SSRL Science Highlight - March 2009 | ||||||||||||||
It has recently been proposed that insulators with large band gap and strong spin-orbit coupling can host a new phase of quantum matter called a topological insulator [1,2]. This exotic phase of matter is a subject of intense research because it is predicted to give rise to dissipationless spin currents [3], quantum entanglements and novel macroscopic behavior that obeys axionic electrodynamics rather than Maxwell's equations [4]. Unlike ordinary quantum phases of matter such as superconductors, magnets or superfluids, topological insulators are not described by a local order parameter associated with a spontaneously broken symmetry but rather by a quantum entanglement of its wave function, dubbed topological order. In a topological insulator this quantum entanglement survives over the macroscopic dimensions of the crystal and leads to surface states that have unusual spin textures. Topologically ordered phases of matter are extremely rare and are experimentally challenging to identify. The only known example was the quantum Hall effect discovered in the 1980s by von Klitzing (Nobel Prize 1985). It was identified by measuring a quantized magneto-transport in a two-dimensional electron system under a large external magnetic field at very low temperatures, which is characterized by robust conducting states localized along the one-dimensional edges of the sample. Two-dimensional topological insulators, on the other hand, are predicted to exhibit similar edge states even in the absence of a magnetic field because spin-orbit coupling can simulate its effect (Fig.1A) due to the relativistic terms added in a band insulator's Hamiltonian. Remarkably, three-dimensional topological insulators, an entirely new state of matter with no charge quantum Hall analogue, are also postulated to exist. And its topological order or exotic quantum entanglement is predicted to give rise to unusual conducting two-dimensional surface states (Fig.1B) that have novel spin-selective energy-momentum dispersion relations. Utilizing state-of-the-art angle-resolved photoemission spectroscopy (ARPES) at Beam Line 5-4 of SSRL, an international collaboration led by scientists from Princeton University have studied the electronic structure of insulating alloys of bismuth and antimony. By a systematic tuning of the incident photon energy, they were able to separate the signal from both surface and bulk states, and thereby confirmed that these insulating alloys realized a three-dimensional topological insulating phase. Spin detection was carried out separately at the COPHEE beam line of the Swiss Light Source.
The remarkable property of the surface states of a 3D topological insulator is that its Fermi surface supports a geometrical quantum entanglement phase, which occurs when the spin-polarized Fermi surface encloses the Kramers' points and on the surface Brillouin zone an odd number of times in total (Fig.2B). ARPES intensity map of the (111) surface states of bulk insulating Bi_{1-x}Sb_{x} (Fig.2A) shows that a single Fermi surface encloses . However, determination of the degeneracy of the additional Fermi surface around requires a detailed study of its energy-momentum dispersion. ARPES spectra along the - direction (Fig.2C) reveal that the Fermi surface enclosing is actually composed of two bands, therefore two Fermi surfaces enclose , leading to a total of seven and Fermi surface enclosures.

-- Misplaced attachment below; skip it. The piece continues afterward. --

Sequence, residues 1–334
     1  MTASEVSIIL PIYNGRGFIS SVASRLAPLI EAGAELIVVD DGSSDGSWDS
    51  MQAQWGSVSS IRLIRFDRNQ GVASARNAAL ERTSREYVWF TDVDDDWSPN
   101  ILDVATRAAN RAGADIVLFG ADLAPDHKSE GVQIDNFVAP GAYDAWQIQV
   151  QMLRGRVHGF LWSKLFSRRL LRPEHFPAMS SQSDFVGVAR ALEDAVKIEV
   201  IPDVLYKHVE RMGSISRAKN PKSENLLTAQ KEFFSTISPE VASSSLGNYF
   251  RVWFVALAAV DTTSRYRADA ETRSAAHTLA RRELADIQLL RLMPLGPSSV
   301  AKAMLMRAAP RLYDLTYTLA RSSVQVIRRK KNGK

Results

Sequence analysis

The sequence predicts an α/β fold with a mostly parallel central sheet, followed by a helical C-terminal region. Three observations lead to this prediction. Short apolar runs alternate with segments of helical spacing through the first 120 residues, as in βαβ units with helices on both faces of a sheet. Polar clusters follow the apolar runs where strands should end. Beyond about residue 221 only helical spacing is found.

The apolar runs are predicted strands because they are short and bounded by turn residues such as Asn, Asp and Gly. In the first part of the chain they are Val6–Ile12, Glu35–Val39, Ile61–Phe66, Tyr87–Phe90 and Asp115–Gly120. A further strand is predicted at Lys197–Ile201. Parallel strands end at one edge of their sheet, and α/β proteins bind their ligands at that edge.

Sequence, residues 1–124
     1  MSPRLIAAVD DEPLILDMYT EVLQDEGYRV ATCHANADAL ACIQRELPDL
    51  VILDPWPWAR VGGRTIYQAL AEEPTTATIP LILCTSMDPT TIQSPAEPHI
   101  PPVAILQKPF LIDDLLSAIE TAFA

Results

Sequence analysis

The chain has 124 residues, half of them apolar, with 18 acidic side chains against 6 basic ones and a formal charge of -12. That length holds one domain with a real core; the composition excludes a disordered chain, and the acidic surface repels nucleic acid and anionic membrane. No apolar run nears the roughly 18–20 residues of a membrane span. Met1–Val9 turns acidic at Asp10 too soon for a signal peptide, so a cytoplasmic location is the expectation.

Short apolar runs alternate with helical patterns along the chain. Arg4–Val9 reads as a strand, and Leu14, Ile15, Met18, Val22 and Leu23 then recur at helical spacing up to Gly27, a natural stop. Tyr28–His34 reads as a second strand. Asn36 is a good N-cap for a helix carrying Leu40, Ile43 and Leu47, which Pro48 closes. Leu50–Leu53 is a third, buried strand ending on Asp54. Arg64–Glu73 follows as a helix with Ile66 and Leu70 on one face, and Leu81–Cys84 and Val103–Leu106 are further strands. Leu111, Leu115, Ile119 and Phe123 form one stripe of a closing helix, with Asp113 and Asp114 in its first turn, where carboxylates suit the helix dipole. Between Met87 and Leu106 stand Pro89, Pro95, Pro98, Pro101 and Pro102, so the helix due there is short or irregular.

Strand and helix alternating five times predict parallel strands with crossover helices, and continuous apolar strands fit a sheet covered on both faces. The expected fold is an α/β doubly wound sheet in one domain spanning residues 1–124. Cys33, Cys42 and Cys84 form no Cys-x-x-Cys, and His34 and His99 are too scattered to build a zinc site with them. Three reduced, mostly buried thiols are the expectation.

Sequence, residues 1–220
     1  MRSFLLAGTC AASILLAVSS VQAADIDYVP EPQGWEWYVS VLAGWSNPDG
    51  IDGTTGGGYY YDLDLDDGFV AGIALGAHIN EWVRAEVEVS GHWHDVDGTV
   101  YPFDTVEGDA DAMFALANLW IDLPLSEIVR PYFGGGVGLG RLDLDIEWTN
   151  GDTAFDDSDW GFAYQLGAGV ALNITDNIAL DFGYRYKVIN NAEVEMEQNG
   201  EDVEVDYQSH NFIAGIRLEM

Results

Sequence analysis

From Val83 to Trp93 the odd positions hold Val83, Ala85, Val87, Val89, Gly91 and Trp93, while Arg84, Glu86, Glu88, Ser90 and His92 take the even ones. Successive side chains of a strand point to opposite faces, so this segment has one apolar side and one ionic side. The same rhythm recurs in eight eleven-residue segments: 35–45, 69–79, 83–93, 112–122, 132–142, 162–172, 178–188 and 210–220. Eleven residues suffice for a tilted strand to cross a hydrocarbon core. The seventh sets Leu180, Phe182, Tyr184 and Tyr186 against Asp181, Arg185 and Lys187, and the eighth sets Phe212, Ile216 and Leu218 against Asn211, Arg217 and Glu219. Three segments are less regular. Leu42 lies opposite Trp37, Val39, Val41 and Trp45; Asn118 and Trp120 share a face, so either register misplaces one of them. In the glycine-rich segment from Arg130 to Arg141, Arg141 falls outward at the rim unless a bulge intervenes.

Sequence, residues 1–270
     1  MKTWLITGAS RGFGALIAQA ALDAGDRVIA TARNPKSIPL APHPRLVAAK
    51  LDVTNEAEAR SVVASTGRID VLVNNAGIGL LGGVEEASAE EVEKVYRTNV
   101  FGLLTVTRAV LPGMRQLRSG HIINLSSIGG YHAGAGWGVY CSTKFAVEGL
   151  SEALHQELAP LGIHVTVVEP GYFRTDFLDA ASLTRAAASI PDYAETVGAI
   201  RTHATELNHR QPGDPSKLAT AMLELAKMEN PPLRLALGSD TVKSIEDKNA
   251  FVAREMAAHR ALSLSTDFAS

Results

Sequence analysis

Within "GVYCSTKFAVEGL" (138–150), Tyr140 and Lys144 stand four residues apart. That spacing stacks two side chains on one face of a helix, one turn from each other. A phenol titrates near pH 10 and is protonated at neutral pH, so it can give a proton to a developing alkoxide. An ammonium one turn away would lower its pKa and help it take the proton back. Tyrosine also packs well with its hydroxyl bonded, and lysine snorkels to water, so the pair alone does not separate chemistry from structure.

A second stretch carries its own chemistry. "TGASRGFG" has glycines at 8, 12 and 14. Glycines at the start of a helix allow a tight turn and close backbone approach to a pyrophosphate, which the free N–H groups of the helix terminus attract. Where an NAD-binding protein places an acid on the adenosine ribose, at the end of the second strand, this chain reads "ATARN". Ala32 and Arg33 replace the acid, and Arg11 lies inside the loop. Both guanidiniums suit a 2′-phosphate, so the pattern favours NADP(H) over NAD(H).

These results constitute the first direct experimental evidence of a topological insulator in nature which is fully quantum entangled. The observed spin-texture in BiSb is consistent with a magnetic monopole image field beneath the surface as predicted in theory [5]. It shows that spin-orbit materials are a new family in which exotic topological order quantum phenomena, such as dissipationless spin currents and axion-like electrodynamics, may be found without the need for an external magnetic field. The results presented in this study also demonstrate a general measurement algorithm of identifying and characterizing topological insulator materials [6,7] for future research which can be utilized to discover, observe and study other forms of topological order and quantum entanglements in nature. A detailed study of topological order and quantum entanglement can potentially pave the way for fault-tolerant (topological) quantum computing.
Primary Citation: D. Hsieh, Y. Xia, L. Wray, D. Qian, A. Pal, J. H. Dil, J. Osterwalder, F. Meier, G. Bihlmayer, C. L. Kane, Y. S. Hor, R. J. Cava and M. Z. Hasan, "Observation of Unconventional Quantum Spin Textures in Topological Insulators", Science 323, 919 (2009). [Primary P.I.: M. Zahid Hasan (Princeton University)] References:
This work was supported by the DOE, NSF and Princeton University. | ||||||||||||||
SSRL is supported by the Department of Energy, Office of Basic Energy Sciences. The SSRL Structural Molecular Biology Program is supported by the Department of Energy, Office of Biological and Environmental Research, and by the National Institutes of Health, National Center for Research Resources, Biomedical Technology Program, and the National Institute of General Medical Sciences. |
Last Updated: | 27 March 2009 |
Content Owner: | M. Zahid Hasan |
Page Editor: | L. Dunn |